Here we are, on the eve of my home race, the Spanish Grand Prix. It’s always a special event for me, because racing in front of my fans has always been a unique feeling. This topic and my relationship with the fans is something you can find out more about exclusively in the sixth edition of the Scuderia Ferrari Racing News at www.ferrarif1.com and, as many of you have been able to read, in the answers I have posted to my followers on @alo_oficial.
On the subject of excitement, yesterday was a special day at Maranello. It was the thirtieth anniversary of the death of Gilles Villeneuve and Ferrari chose to commemorate it by inviting his son Jacques to drive the 312 T4, the car that his father drove during the 1979 season. Gilles is a legendary figure for everyone, in Maranello and around the world and I think it must have been incredible for Jacques to drive this fantastic car. What I know of the father came only through films and obviously, the one I remember best is the duel he had with Arnoux at Dijon, when he was driving the very same car that was on track yesterday. Unfortunately, these days, we no longer see this sort of fight because there are more difficulties to deal with: the cars are now dominated by aerodynamics and those sorts of passing moves are no longer possible. On top of that, there was definitely more respect then than there is now between us drivers, partly because they knew that, in those cars, they were risking their lives. I don’t want to say that today things are done incorrectly, but I believe there is not that mutual respect, at least not from everyone, that there was back then. It’s a problem that goes back a long way, to the junior categories and I think the time has come to try and get it back. I think Jacques was happy to be here in Maranello yesterday: for the first time, he was able to put on a red race suit with the Ferrari badge and his name sewn on above it. We are friends and it was nice to see him again. We were team-mates, even if just for very few races in 2004 and I get on well with him. He is very professional and very sincere. Yesterday was also the opportunity to plug a gap in my collection of helmets from my team-mates, as Jacques gave me one which dated back to the season he drove for Sauber.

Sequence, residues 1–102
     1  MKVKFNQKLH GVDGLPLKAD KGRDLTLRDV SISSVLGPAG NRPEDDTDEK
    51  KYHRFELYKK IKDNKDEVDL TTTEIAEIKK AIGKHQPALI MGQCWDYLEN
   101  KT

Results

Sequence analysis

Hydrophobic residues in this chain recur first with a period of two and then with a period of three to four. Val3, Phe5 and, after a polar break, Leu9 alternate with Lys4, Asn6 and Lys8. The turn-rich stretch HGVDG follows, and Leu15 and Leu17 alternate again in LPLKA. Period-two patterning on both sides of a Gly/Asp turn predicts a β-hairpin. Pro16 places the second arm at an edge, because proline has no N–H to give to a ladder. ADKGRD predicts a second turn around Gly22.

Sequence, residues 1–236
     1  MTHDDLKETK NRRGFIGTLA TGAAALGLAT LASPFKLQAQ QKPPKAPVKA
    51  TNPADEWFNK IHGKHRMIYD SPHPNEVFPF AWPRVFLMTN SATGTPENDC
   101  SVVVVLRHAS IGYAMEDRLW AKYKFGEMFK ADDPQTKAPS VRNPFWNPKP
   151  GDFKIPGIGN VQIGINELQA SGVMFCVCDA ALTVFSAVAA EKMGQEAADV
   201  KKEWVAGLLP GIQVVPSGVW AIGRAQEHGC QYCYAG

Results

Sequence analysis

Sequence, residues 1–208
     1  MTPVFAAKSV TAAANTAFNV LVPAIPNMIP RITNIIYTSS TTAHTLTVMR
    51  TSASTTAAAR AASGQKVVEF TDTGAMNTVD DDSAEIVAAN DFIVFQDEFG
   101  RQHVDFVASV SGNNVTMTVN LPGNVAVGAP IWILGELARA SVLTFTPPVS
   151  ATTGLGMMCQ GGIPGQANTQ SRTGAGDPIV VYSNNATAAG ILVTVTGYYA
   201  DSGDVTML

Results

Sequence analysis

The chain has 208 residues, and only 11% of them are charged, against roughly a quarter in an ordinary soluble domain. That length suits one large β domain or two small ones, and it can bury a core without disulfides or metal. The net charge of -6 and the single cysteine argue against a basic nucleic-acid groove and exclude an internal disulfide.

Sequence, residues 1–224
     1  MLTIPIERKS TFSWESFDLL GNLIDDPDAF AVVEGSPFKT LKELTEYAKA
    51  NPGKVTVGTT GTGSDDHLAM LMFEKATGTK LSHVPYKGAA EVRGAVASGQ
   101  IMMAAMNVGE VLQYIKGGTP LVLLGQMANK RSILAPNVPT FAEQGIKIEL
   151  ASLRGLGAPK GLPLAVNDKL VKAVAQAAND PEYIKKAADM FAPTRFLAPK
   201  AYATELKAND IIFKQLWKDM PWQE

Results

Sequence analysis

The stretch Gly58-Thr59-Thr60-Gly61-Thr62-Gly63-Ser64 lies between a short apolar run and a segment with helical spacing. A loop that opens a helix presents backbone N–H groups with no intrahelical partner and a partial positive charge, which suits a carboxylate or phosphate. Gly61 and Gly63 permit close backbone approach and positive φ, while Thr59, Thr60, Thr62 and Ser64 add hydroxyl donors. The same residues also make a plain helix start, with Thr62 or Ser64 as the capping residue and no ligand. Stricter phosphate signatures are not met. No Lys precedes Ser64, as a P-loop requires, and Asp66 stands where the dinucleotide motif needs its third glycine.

It was nice to see so many mechanics from that time, clearly happy to be back on track watching a Villeneuve. It was yet another episode that made me understand how special is Ferrari’s history, the history of a team with an incredible tradition, but that always looks to the future.
The immediate future means the Spanish Grand Prix. In Montmelo, we will be counting on making a step forward, but we won’t know until Saturday if we have and if so, how big a step it is. We have updates on the F2012, some of which we tested in Mugello last week and others which we will try out on Friday in free practice. Clearly, having limited the damage in the first four races this year, we must turn things around. Having said that, it’s not the case that if we are not on pole in Barcelona then it’s the end of the world… The important thing is to make progress, reducing the gap as much as possible, first this weekend, then again in Monaco and after that, in Montreal, Valencia, Silverstone…The season is very long, with sixteen races to go, the same number that constituted the entire calendar back in 2003. We must continue to work day and night, just as did Gilles’ mechanics, whom I met at the track yesterday and just as our guys do today. I will be flying with them to Barcelona this afternoon. With the same spirit of wanting to win and being prepared to fight with all one’s strength to achieve that, which is the spirit that has driven me ever since I was a kid racing karts.